The AdrenaLinn 3’s predecessor garnered much praise when it was released in 2004, not least for the great value for money it presented. The AdrenaLinn 3 continues the theme.
At its heart, the AdrenaLinn 3 is an amp simulator and effects unit in the guise of a stompbox, although it’s certainly not a straight ahead unit. You also get MIDI control and, perhaps not surprisingly for a company famous for its drum machines, a drum sequencer.
In reality it’s more of a beat-box than a percussion sequencer. While there are 200 slots, the rhythms are two-bar patterns that are tricky to manipulate from the front panel, so no fancy fills and exotic variations are on tap. That said, the drum sequences sound juicy and certainly beat using a metronome for practising along to. Styles range from straight-ahead rock to swinging and syncopated patterns, encouraging you to try different genres as you play.
Of course, the important thing is the guitar processing. Amp-wise, simulations range from historic Fenders, Vox and Marshall models, though crunchier vintage Marshalls and Boogies, right up to the JCM2000 monster, Van Halen’s signature Peavey 5150 MkII, Boogie Dual Rectifier, Hiwatt and Soldano, with offerings from ENGL, Matchless and more. Bassists, too, can plug into Ampeg SVT, Fender Bassman and Gallien-Krueger rigs.
While you’ve no option to mix and match virtual cabs, or even mess with mic placement, the sims are sweet enough as they are. Just plug straight into an audio interface or mixing desk and enjoy a truly realistic-sounding backline. Even the high-gain models perform in a controllable way, probably thanks to an unobtrusive noise gate that’s new to the Linn 3.
The effects section is where it’s at, however. Delay, reverb, chorus, flange and more are all present. While the distortion sounds are good and analogue in tone, largely helped by a responsive compressor for Tufnel-esque, day-long sustain, the modulation effects are something else. How many studio hours have been wasted trying to get a tremolo effect to match the tempo of a song? The Linn 3’s tremolo locks to the beat-box’s tempo, so it can warble or ping-pong in stereo, in perfect sync. The same goes for chorus, flanger, pan and filter-sweep rates. There’s even the means to have the chorus follow the envelope of the note being played, rather than just cycling away at a set rate.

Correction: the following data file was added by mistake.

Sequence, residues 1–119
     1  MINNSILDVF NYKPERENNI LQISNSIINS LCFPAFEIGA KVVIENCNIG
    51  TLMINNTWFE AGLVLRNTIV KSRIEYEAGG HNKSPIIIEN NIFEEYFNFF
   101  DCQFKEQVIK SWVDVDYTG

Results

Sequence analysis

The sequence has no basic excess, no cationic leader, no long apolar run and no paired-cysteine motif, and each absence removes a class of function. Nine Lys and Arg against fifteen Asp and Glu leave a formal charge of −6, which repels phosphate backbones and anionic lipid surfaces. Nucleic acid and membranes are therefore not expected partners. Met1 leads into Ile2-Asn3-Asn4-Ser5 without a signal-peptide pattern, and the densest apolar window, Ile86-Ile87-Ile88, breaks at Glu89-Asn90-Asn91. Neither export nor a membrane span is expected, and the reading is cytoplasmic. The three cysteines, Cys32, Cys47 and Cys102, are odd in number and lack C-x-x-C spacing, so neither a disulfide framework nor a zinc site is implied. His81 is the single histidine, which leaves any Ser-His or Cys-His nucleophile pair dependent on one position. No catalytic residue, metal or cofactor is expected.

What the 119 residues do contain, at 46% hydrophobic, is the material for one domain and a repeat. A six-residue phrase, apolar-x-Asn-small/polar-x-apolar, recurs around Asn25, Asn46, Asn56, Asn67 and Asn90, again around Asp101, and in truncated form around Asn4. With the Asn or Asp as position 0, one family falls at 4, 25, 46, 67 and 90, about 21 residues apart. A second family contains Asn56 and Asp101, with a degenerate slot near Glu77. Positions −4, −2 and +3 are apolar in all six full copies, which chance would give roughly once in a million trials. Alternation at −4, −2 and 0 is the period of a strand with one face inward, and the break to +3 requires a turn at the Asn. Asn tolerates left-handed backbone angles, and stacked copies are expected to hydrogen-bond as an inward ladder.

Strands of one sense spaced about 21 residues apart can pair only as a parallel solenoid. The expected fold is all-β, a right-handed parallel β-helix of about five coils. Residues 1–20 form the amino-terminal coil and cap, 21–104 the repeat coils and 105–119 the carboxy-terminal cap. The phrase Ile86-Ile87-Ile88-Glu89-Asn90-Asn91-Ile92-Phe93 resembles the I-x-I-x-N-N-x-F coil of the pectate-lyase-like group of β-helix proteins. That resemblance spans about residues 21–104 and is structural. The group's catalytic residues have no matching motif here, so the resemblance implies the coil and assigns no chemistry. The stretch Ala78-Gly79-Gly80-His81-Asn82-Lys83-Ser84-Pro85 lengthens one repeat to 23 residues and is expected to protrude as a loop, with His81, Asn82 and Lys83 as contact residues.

Auto-wah is notoriously difficult to get right but it’s well-implemented here. The same goes for the Talk Box effect, which emulates the classic Heil effect by using the dynamics of the note played as a control for the filter. The randomise and arpeggio functions are fun too; the former can randomise certain settings of select modulation effects, so you can have a flanger jump about all over the shop, in tempo, rather than just cycling. And the arpeggiator sequences are as you’d imagine: play simple chords and the Linn will bring in extra notes, similar to an arpeggiator on a synth.
Conspicuous by its absence is a USB port for direct link to a computer. It’s rare to find a desktop audio processor without a direct data connection for both on-screen patch editing and streaming audio and MIDI. The MIDI though is ideal for hooking up switches and expression pedals: up to ten of the former and two of the latter.
All is not lost when manipulating the AdrenaLinn 3 on computer, however. Third-party developer SoundTower has developed a patch editor for Mac and PC, with which you can edit effects, drum patterns and sequences on-screen, save your set-ups to disk and then load them onto the Linn via MIDI. At just £20, the SoundTower SoundEditor is a must-buy for those who like to delve into the guts of a device.
The AdrenaLinn does have its faults though. On lifting it out of the box, the preset knob came off. While the metal housing is reasonably sturdy, although not to same degree as say, a Boss stomp-box, the four endless rotaries along the top are tacky, along with the miniscule input-level knob and four mode-change buttons. The non-latching metal footswitches appear sturdy, enabling you to stop and start the drums, engage the main effect for the selected preset and more, but despite these, the Linn is simply not heavy-duty enough for live work (although you could invest in rugged MIDI foot controllers and tuck the unit away in the wings).
It also suffers an affliction similar to that of many hardware synthesizers: there are too few buttons for far too many functions, so programming it from the front panel, even with the clearly laid-out settings matrix, is a bit laborious.
The AdrenaLinn 3 is an unusual beast. It has some great amp tones, excellent effects control and some truly wild treatments that should satisfy even the maddest of you. It’d sit well in the studio and be a boon for struggling songwriters At the price, it’s a bargain. Just be prepared to sweat when attempting to master its finer programming points.